Stein Eriksen, Olympic champion Alpine skier, dies at 88

Stein Eriksen
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Stein Eriksen had the perfect hair, the perfect form on the hill and typically the perfect line down the course.

So stylish and graceful on the slopes — he could even perform impressive tricks — the Norwegian great helped usher in modern skiing. He died Sunday at his home in Park City, Utah. He was 88.

His death was confirmed by Deer Valley Resort, where Eriksen served as director of skiing for more than 35 years.

Eriksen rose to prominence at the 1952 Winter Olympics in his hometown of Oslo when he captured gold in the giant slalom and silver in the slalom. Two years later, he won three gold medals at the World hampionships in Are, Sweden.

“To be an Olympic and World champion has been a trademark for me,” Eriksen said, according to the Salt Lake Tribune in 2009. “But the appreciation that the American people have for champions has enhanced that value in a way that made it possible for me to enjoy life without too much effort.”

The charismatic Eriksen became the face of the sport and portrayed it in a new, exciting way. His somersaults were epic — and an early prelude to the tricks in freestyle skiing.

“He’s a legend,” Norwegian World Cup racer Kjetil Jansrud said.

Although from Norway, Eriksen lived in the U.S. for the last six decades, holding one position after another at various ski resorts around the country. He was director of skiing and a ski school instructor at Snowmass, Colo. He taught skiing at Sugarbush, Vt. He even owned his own shop in Aspen, Colo., in addition to being the ski school director.

There were also stops in Heavenly Valley, Calif., and Boyne Mountain, Mich., before settling in at Deer Valley.

“His influence in the ski industry and at this resort was infinite and his legacy will always be a fundamental aspect of Deer Valley,” said Bob Wheaton, Deer Valley president and general manager. “He was a true inspiration.”

So much so that he became an honored member of the U.S. Ski and Snowboard Hall of Fame in 1982, one of the many awards and accolades he received throughout his lifetime. According to a Deer Valley release, Eriksen even earned the Knight First Class honor in 1997 by His Majesty the King of Norway as a reward for outstanding service in the interest of his country.

This much also is certain: Eriksen left an indelible impression with Norwegian racers.

“It’s sad that he’s gone, but he had a lot of cool experiences in his lifetime and I’m guessing he was blessed and happy with what he accomplished,” said Norway’s Aksel Lund Svindal, who won Olympic gold, silver and bronze at the Vancouver 2010 Winter Games.

As an up-and-coming racer, Jansrud was once invited to Eriksen’s house — along with the rest of the Norwegian team — and regaled with story after story.

“He did a back flip every day at noon in Park City until he was like 80 years old,” Jansrud said. “He was doing what he loved.”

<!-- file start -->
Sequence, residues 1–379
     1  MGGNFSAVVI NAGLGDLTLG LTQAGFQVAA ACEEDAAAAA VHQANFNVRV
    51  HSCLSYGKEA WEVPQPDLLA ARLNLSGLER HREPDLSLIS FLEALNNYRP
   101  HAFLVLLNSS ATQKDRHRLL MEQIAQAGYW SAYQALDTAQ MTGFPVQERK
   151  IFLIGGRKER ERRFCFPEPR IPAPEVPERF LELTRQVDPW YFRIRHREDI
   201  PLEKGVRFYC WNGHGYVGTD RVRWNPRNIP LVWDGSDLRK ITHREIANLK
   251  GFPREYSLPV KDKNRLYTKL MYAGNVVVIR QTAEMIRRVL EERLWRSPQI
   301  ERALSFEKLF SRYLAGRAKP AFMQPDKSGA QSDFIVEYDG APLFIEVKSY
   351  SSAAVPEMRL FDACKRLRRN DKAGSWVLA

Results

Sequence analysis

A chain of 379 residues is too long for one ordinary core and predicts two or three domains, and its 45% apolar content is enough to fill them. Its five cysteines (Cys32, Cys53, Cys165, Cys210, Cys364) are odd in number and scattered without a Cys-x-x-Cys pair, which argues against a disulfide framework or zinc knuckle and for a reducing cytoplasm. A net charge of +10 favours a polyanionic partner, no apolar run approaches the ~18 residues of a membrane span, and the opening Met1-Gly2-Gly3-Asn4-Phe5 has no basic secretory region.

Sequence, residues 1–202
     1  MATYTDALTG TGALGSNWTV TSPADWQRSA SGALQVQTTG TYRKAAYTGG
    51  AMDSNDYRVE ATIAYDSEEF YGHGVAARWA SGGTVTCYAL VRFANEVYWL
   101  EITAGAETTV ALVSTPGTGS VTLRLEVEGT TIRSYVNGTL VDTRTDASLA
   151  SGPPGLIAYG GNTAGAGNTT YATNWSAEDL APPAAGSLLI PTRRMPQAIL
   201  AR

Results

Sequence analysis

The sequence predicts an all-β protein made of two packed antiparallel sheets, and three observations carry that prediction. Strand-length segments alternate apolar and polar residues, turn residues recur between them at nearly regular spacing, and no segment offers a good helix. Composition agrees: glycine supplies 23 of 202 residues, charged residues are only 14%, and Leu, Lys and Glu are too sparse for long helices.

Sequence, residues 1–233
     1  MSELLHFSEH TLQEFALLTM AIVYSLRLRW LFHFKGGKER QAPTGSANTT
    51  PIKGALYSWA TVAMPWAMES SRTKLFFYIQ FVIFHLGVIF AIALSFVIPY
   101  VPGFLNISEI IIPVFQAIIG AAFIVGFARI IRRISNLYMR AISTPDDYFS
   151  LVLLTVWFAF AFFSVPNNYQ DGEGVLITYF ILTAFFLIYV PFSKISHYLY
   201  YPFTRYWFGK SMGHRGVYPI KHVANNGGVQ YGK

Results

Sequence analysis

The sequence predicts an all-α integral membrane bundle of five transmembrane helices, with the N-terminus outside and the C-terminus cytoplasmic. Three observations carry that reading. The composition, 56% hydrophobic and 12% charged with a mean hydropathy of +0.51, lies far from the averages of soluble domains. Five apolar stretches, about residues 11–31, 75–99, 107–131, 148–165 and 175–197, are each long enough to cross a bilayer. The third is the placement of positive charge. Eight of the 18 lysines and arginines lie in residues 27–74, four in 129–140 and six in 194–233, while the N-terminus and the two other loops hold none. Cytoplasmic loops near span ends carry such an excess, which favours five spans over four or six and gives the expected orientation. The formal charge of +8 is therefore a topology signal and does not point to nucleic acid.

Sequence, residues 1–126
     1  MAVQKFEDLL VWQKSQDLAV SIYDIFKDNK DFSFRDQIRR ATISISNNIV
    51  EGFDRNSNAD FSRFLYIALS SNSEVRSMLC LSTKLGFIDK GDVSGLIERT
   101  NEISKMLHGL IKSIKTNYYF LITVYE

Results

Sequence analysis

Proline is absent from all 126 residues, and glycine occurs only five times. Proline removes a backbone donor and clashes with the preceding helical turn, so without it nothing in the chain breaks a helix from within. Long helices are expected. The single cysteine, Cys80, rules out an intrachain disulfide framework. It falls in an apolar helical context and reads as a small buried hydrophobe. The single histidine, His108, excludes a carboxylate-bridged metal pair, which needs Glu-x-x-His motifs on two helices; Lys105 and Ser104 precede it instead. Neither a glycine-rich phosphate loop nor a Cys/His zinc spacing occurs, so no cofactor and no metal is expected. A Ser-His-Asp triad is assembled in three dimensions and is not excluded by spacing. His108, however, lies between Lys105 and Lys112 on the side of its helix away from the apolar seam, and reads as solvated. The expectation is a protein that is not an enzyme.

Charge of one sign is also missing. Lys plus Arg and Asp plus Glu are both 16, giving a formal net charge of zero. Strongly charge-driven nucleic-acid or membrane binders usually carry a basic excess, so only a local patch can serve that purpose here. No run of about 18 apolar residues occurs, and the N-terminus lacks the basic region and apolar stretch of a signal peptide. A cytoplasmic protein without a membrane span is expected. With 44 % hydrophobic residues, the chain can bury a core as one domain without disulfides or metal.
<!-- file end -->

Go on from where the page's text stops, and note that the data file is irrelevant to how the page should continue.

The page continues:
About that hair, it was always styled just right. Or as Jansrud said, “flawless.”

Same with the way he skied. He made turns on a hill look so elegant.

“I guess that’s why he went to the U.S. and got on the pro [tour]. He was way too smooth for World Cup,” Jansrud joked.

Tiger Shaw, the president of U.S. skiing, said in a statement that Eriksen’s “legacy will live on in the ski racers of today and in the sport he loved so much.”

As a show of respect, the torch outside the Deer Valley lodge bearing Eriksen’s name was extinguished.

“His celebrity charisma created a special ambiance whether within the Lodge, our restaurant or out on the mountain, that was warm and inviting,” said Dennis Suskind, the president of Stein Eriksen Lodge. “He was a real friend and will be missed.”

Eriksen is survived by his wife, Francoise; son, Bjorn; three daughters, Julianna, Ava and Anja; and five grandchildren. He was preceded in death by his son, Stein Jr.

In 1994, Eriksen helped carry the Olympic Flag into the Lillehammer Winter Games Opening Ceremony.

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Hail Ilia Malinin’s first U.S. figure skating title for six-quad ambition, Jason Brown’s advice

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SAN JOSE, California – Ilia Malinin clearly will have mixed emotions when he remembers winning his first U.S. figure skating title.

That was apparent from his reaction after finishing Sunday’s free skate.

The 18-year-old with limitless potential and seemingly limitless confidence had been rattled by his worst free skate of the season.

He shook his head sadly. Then he shook it again.

“Of course, this wasn’t the skate I wanted, but there’s always ups and downs, and you just after get over it and move on,” Malinin said.

FIGURE SKATING NATIONALS: Full Results

He planned the hardest technical program anyone ever had attempted, with six quadruple jumps and two challenging combinations in the second half of the four-minute program. And he gamely kept trying to execute it, even after significant mistakes that would leave him second to surprising Andrew Torgashev in the free skate.

Malinin (287.74 total points) still finished comfortably ahead of the evergreen Jason Brown (277.31). Torgashev was third overall at 256.56.